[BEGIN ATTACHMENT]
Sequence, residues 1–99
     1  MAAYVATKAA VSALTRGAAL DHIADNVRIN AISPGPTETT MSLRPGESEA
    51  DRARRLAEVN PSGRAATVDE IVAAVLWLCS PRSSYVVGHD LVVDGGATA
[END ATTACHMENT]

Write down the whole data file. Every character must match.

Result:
Sequence, residues 1–99
     1  MAAYVATKAA VSALTRGAAL DHIADNVRIN AISPGPTETT MSLRPGESEA
    51  DRARRLAEVN PSGRAATVDE IVAAVLWLCS PRSSYVVGHD LVVDGGATA